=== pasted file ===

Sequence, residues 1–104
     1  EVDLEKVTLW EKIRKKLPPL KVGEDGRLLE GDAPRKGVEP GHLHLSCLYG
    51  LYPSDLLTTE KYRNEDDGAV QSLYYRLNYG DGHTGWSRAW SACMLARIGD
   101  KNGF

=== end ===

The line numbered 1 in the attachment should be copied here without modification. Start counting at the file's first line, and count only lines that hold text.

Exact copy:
Sequence, residues 1–104